Champions League finals are the biggest fixture of the football season, but the showpiece events can often fail to live up to the expectations.
Matches can be low on goalmouth action, or are too one-sided and predictable, while others are damaged by the pre-match favourites taking an early lead.
We take a look at the five worst Champions League finals of this century, that neutrals are more likely to have endured rather than enjoyed.
Milan 0-0 Juventus (3-2 on penalties), 2002-03
Italian champions Juventus clashed with rivals Milan at Old Trafford in only the second ever intra-national final of the competition, after Real Madrid’s win over Valencia three years earlier.
The stereotypes over Italy’s preferred defensive style of football were fulfilled in this dull encounter, free from regular goalmouth action.
The lack of goals should not have come as a surprise - two of Milan’s four knockout games had ended scoreless while five of their six matches in the second group stage featured just one goal.
Andriy Shevchenko’s early goal was ruled out as Rui Costa was adjudged to have blocked Gianluigi Buffon’s line of sight from an offside position, while Antonio Conte and Andrea Pirlo both hit the bar for their respective sides.
The lack of conviction carried on into a penalty shootout - with only five of the ten penalties finding the net with the Rossoneri edging out Juve 3-2.
Porto 3-0 Monaco, 2003-04
This was a memorable Champions League campaign - Chelsea, Monaco and Deportivo La Coruna all reaching the semi-finals for the first time in their respective histories, alongside Portuguese outsiders FC Porto, managed by Jose Mourinho.
The final was itself a disappointment that was not memorable due to the gulf between the two sides.
Carlos Alberto opened the scoring for Mourinho’s side five minutes before the break then quickfire goals from Deco and Dmitri Alenichev sealed the deal in the second half.
Porto were far superior to the French outlet and the final was never in doubt.
Inter 2-0 Bayern Munich, 2009-10
Fast forward six years and Mourinho - via Chelsea - was back in the Champions League final, this time with Italian club Inter.
Similar to his success with Porto, this tournament was a tactical masterclass from the Portuguese boss who was now operating at the peak of his powers.
Just 26 goals went in across Inter’s 13 games in this competition including two scoreless draws against Barcelona - whom they faced in the group stages and then memorably ousted at the semi-final stage.
That was the defining game of this competition, with Inter winning 3-1 in Milan (with Barcelona’s journey via land due to a volcanic ash cloud postponing air travel) and then securing a clean sheet at the Camp Nou with ten men in an ultra-defensive display.
A double from Diego Milito was enough for Inter to defeat Louis Van Gaal’s Bayern Munich in the showpiece in a one-sided encounter, with the Italian side in control from start to finish in the Spanish capital.
This was not a vintage Bayern outfit, matching up against arguably Inter’s greatest ever side.
Barcelona 3-1 Manchester United, 2010-11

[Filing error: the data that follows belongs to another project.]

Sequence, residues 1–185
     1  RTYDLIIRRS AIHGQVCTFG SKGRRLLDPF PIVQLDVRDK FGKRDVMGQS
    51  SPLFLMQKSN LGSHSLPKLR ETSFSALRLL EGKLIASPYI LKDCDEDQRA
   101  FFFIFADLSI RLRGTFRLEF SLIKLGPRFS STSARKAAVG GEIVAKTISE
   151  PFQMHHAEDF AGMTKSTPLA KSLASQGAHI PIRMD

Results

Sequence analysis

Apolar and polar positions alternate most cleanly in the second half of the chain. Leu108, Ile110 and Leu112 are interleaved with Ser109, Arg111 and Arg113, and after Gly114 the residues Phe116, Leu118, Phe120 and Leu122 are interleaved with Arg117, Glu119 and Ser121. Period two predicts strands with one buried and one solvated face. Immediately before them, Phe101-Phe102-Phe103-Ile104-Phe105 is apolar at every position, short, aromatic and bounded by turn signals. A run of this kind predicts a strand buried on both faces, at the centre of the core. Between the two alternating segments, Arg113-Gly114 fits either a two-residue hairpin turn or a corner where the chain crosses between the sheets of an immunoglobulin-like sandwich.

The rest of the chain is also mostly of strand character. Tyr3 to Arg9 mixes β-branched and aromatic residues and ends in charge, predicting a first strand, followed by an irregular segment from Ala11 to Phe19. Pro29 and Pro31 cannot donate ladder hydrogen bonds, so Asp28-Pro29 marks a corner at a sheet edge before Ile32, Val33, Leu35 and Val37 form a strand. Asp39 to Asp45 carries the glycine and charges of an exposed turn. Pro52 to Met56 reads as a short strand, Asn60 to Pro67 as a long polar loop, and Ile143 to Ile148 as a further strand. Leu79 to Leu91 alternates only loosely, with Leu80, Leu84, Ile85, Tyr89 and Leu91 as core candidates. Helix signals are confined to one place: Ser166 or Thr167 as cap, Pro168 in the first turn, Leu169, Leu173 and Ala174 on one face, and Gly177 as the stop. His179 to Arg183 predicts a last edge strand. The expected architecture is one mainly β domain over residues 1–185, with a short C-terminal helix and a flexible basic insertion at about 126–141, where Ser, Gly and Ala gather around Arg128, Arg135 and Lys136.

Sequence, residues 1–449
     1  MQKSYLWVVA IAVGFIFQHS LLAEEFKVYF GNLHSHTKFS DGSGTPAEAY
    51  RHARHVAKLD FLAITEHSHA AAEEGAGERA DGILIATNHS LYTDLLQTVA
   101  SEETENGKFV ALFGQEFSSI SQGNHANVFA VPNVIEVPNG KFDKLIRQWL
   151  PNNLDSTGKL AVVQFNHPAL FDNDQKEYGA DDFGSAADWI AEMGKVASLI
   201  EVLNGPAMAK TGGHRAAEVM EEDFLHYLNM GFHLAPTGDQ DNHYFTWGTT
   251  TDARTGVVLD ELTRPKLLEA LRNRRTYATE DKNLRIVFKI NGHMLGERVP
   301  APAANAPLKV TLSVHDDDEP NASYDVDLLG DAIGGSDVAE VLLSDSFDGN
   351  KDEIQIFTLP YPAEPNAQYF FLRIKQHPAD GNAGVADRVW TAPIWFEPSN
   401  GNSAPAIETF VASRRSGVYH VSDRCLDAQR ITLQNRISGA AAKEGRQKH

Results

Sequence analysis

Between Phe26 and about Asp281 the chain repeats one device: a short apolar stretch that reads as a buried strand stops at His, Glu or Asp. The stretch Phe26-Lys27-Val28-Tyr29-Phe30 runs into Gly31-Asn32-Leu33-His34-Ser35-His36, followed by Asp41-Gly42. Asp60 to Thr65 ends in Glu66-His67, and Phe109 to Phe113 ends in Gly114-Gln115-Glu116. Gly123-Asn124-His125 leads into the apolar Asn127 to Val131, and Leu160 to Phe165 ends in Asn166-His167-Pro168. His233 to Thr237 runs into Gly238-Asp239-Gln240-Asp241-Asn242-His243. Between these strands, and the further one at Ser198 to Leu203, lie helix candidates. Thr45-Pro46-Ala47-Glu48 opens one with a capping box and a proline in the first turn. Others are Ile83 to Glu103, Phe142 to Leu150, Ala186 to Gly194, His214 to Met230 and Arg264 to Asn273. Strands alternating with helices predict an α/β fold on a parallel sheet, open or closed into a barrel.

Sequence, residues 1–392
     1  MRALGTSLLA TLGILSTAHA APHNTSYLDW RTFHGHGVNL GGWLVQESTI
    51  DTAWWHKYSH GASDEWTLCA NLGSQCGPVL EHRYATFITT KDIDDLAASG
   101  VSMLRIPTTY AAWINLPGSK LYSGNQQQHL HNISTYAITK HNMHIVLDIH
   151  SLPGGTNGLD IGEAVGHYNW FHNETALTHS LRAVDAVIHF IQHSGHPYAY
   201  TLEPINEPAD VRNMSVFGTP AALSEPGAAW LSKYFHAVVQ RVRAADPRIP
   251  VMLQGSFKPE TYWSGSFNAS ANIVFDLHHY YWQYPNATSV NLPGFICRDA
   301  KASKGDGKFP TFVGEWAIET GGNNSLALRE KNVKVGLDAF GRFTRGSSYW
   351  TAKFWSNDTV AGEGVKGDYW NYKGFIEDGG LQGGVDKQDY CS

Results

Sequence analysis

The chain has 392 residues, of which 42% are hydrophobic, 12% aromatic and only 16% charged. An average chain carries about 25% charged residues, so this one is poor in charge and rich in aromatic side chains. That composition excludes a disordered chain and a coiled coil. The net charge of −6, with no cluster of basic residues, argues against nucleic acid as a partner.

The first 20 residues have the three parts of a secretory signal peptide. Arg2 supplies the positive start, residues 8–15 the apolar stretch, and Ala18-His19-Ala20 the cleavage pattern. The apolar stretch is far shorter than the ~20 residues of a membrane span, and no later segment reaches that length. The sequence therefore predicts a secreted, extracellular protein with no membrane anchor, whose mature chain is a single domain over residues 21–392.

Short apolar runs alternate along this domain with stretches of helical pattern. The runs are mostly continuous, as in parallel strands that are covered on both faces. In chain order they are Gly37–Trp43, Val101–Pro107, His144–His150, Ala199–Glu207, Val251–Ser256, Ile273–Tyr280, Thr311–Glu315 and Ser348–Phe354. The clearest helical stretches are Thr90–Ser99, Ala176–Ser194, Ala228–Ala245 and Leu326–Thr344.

This was the second time in three seasons that these two sides met in the final and Barcelona were two-goal victors on each occasion.
In 2009, both sides were the strongest in European football and were both dominant domestically in the continent’s two strongest leagues.
By 2011, United were significantly weaker - Cristiano Ronaldo was gone, as was Carlos Tevez, while Dimitar Berbatov was injured.
The austerity of the Glazer regime had taken hold while Pep Guardiola’s side were at their wonderful, irrepressible peak.
The Catalan club’s semi-final triumph over Real Madrid was the true decisive encounter in the tournament, with the 3-1 scoreline in the final unrepresentative of their huge dominance.
Wayne Rooney drew United level at Wembley after Pedro’s opener but it was only a matter of time before Barcelona’s dominance was shown on the scoreboard.
Lionel Messi and David Villa duly obliged in the second period as Guardiola’s side enjoyed a comfortable, dominant final quarter - 19 years on from their first trophy triumph at the same venue.
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Tottenham 0-2 Liverpool, 2018-19
Liverpool were notable favourites for this clash in Atletico Madrid’s Wanda Metropolitano stadium, with the outcome of the encounter never in doubt after a controversial early penalty.
Moussa Sissoko’s handled from Sadio Mane’s cross - before FIFA adjusted the handball rule for the following season, meaning the Frenchman would not have been punished - allowing Mohamed Salah to open the scoring in the second minute.
It was the first use of VAR in a Champions League final.
This was a memorable tournament for multiple reasons - Spurs enjoyed victories over Manchester City and Ajax in scarcely believable dramatic circumstances, while Liverpool’s comeback over Barcelona in the semi-finals was a monumental achievement and, in hindsight, the decisive match in their lifting of this year’s trophy.
Spurs were one goal behind in the final for 85 minutes but never truly looked like troubling Jurgen Klopp’s side, whose deserved victory was secured by Divock Origi’s strike three minutes from time. It was a game played in high humidity at the end of a tough, gruelling season.
Liverpool secured their sixth European title, but it was far from a memorable spectacle for neutrals.